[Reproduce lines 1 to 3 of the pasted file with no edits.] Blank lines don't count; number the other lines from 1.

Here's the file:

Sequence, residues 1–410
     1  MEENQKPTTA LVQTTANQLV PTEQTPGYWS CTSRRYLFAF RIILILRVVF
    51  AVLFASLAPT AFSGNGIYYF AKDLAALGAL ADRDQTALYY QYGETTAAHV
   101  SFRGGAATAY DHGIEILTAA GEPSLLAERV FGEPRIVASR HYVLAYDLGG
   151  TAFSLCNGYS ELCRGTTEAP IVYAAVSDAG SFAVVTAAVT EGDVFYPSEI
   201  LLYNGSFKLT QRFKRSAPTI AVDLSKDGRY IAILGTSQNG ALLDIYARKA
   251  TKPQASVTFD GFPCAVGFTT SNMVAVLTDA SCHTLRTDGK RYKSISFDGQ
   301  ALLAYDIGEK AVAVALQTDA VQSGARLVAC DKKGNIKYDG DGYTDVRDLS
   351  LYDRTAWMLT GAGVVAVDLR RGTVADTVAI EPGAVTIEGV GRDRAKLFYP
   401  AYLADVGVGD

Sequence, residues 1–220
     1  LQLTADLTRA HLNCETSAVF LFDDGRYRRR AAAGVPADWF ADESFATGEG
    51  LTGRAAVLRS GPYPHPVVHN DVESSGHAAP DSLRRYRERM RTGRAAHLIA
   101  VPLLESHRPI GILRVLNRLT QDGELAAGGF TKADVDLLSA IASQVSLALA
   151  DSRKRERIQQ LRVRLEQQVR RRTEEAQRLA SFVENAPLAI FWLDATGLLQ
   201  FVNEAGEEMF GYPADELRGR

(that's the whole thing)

Sequence, residues 1–410
     1  MEENQKPTTA LVQTTANQLV PTEQTPGYWS CTSRRYLFAF RIILILRVVF
    51  AVLFASLAPT AFSGNGIYYF AKDLAALGAL ADRDQTALYY QYGETTAAHV